2. A quick guess – I would imagine it has something to do with our different reactions to personal and impersonal situations. You mention this yourself: that it is more difficult, psychologically, to murder someone in the flesh.
    It’s easier to shoot someone than it is to stab them. It’s easier to drop a bomb from a huge height than to shoot at ground level. It’s easier to flip a switch that changes the course of a train than to shove a fat man off a bridge. The closer we are to the action, the harder it is to commit a moral transgression; our moral emotions are stronger when the situation is personal.
    This is the case when we are faced with committing a morally-dubious action ourselves, and also when we observe or imagine the actions of another.
    Sutcliffe is indeed the more alien figure; and contemplation of his actions fills us with a greater horror. Our moral judgements tend to be guided by our moral emotions, rather than a consequentialist calculation; and our moral emotions are stirred by personal situations.

  3. Hi Simon

    Thanks for that. But (a) I really don’t believe many people have been following the ins and outs of the case that closely – and I don’t think doubts about his guilt have anything to do with the lack of outrage, and (b)I drew a parallel with a hypothetical case (which will become reality, sooner or later), when Sutcliffe is too ill to be any threat. Still, his release will never be sanctioned, because the public would never tolerate it. This is a prediction that can be falsified.


  4. Idon’t believe in moral intuitions, but here’s my take:

    Most people (rightly, in my view) find nihilism a more repulsive motivation than anything else. Sutcliffe is obviously nihilistic. He killed for the sake of killing.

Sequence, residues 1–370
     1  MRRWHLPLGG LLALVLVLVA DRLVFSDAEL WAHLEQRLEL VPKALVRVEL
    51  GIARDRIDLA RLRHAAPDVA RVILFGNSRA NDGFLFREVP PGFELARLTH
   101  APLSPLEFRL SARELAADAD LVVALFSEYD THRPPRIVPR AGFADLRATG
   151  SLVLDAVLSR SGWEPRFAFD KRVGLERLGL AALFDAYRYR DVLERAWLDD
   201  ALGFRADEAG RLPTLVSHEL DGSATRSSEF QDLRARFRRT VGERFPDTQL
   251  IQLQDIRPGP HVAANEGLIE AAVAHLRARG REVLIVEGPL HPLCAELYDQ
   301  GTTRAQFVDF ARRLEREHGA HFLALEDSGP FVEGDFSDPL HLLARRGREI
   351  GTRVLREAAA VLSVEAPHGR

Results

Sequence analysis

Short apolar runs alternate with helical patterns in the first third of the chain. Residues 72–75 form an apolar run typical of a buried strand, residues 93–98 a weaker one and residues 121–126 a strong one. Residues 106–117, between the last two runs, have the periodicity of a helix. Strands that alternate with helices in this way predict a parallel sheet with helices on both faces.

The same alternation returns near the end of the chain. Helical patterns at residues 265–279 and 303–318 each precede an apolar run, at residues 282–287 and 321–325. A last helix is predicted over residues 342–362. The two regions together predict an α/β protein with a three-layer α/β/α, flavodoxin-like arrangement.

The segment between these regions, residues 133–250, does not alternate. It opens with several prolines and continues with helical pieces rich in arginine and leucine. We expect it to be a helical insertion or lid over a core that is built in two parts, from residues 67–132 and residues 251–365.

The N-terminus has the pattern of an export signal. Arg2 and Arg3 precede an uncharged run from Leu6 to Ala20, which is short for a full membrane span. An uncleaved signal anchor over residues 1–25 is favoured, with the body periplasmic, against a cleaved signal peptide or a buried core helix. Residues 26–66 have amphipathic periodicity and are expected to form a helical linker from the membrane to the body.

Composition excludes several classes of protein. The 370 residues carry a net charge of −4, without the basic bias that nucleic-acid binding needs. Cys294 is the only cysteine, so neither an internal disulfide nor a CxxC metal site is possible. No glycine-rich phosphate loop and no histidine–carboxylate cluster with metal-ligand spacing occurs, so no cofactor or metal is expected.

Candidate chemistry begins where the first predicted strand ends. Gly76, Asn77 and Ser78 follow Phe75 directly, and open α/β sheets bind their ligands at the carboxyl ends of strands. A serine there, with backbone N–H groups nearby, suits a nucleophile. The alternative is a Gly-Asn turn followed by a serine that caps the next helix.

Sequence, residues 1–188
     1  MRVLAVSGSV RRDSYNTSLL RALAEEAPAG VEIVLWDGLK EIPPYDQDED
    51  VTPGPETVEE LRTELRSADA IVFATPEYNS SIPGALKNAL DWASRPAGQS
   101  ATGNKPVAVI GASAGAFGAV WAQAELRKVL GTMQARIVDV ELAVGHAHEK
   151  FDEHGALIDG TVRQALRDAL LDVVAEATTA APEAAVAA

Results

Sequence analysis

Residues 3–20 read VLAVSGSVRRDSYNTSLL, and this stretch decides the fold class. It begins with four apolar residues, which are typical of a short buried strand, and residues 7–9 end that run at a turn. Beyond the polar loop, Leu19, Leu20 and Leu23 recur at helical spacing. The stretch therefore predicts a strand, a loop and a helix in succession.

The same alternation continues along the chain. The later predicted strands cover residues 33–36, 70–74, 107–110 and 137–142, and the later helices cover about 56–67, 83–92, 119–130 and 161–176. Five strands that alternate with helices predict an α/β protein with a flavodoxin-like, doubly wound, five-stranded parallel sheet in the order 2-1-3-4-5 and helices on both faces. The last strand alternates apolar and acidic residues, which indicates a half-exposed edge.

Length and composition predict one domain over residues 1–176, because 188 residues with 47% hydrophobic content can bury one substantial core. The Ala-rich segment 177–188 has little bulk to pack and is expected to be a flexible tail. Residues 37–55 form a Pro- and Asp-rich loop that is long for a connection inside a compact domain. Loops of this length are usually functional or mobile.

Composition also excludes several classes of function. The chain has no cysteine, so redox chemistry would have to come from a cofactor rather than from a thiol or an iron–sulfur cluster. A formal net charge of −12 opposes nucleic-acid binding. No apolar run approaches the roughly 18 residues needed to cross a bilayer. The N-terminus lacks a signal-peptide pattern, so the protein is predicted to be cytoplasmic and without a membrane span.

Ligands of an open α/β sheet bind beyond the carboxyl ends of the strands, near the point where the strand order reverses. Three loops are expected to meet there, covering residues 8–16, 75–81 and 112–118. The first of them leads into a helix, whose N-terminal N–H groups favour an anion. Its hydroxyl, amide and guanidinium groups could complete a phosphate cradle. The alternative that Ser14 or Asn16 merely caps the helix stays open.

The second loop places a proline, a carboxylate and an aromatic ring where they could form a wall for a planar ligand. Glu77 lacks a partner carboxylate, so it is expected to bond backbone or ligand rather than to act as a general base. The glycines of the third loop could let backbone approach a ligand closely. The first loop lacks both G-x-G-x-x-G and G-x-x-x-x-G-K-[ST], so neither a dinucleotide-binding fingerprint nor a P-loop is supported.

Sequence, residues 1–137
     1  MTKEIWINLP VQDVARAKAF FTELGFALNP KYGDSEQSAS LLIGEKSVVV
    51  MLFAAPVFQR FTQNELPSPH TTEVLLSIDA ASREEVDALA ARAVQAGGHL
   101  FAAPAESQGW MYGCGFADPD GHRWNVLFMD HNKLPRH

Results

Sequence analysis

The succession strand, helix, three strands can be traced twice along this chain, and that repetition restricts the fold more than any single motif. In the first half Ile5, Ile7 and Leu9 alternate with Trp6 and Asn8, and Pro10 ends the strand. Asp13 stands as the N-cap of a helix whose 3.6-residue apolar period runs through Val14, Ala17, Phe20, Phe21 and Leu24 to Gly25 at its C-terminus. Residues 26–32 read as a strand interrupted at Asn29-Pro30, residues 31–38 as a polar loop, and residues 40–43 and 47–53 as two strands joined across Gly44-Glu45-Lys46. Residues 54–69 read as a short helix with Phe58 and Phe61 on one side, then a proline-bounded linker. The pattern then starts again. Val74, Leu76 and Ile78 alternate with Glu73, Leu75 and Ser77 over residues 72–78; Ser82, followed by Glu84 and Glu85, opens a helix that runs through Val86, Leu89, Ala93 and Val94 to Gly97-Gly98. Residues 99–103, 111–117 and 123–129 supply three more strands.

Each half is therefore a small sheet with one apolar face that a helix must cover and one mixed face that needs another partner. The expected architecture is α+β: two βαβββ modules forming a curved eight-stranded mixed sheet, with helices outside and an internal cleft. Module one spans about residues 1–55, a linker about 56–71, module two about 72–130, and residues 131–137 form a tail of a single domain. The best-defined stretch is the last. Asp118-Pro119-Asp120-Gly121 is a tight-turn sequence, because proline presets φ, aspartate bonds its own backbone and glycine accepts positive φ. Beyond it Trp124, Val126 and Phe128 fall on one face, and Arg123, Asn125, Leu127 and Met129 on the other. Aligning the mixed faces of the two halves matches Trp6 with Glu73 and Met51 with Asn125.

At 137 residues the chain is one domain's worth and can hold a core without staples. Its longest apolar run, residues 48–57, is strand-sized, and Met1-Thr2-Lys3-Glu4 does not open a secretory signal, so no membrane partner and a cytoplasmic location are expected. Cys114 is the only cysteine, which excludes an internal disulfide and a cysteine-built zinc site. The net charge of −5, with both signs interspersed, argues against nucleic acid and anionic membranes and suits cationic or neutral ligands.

Al-Megrahi’s motivation I also think was nihilistic, but it has the pseudo-justification of a religious ideology, an ideology that pretends to offer values (eternal life in a fantastic super-reality, etc.). It is much more difficult to see the nihilism operating behind al-Megrahi.

  5. The bombing of PanAm 103 seems more like war than murder. There was no malice involved, and the moral status of a warrior even if that person kills innocents/noncombatants seems less negative and hence less likely to excite public hatred, than is that of a person like the Yorkshire Ripper, Peter Sutcliffe.

  6. Is the personal malice or gratification attributed to Sutcliffe less morally reprehensible than al-Megrahi’s presumed ideological motivation ? What about Eichmann. He didn’t personally murder anyone but was impersonally responsible for mass murder on an unprecedented scale for what appears to have been an ideological motive.

    If Eichmann had been imprisoned instead of executed would the people who were philosophical about the ‘humanity’ implicit in al-Megrahi’s release have adopted the same attitude toward Eichmann if he had been diagnosed with a terminal condition. Somehow I doubt it !